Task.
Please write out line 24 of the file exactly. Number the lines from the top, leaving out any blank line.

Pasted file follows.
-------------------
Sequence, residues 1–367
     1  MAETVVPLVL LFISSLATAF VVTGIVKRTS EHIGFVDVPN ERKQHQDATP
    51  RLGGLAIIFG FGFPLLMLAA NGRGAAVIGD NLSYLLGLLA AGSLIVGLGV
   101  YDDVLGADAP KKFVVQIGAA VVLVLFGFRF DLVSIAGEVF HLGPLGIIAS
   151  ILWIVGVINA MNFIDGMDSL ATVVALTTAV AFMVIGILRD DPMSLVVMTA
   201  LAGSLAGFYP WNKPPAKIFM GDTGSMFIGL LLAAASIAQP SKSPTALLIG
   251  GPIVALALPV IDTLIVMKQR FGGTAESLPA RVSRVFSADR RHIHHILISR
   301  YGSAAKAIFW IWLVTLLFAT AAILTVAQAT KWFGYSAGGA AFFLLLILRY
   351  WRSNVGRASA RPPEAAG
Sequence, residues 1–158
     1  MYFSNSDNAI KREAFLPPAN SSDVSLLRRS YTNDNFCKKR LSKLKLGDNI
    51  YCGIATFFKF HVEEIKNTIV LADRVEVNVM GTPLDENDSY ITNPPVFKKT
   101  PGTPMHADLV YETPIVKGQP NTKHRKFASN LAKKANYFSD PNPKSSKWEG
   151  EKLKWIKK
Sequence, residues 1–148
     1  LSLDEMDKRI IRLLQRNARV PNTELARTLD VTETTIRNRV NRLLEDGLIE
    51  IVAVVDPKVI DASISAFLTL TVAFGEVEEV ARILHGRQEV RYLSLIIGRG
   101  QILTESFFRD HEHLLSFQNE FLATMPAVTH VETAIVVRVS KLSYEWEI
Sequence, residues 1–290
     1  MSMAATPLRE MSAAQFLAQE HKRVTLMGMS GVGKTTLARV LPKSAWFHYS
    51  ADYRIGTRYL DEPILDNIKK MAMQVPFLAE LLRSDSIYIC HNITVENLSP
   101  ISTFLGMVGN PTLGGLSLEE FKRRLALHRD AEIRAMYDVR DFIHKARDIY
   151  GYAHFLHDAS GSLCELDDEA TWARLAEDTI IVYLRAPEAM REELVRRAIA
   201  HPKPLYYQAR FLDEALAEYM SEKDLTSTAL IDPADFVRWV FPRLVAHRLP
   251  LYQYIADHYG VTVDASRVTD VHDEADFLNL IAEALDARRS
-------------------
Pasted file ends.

   201  HPKPLYYQAR FLDEALAEYM SEKDLTSTAL IDPADFVRWV FPRLVAHRLP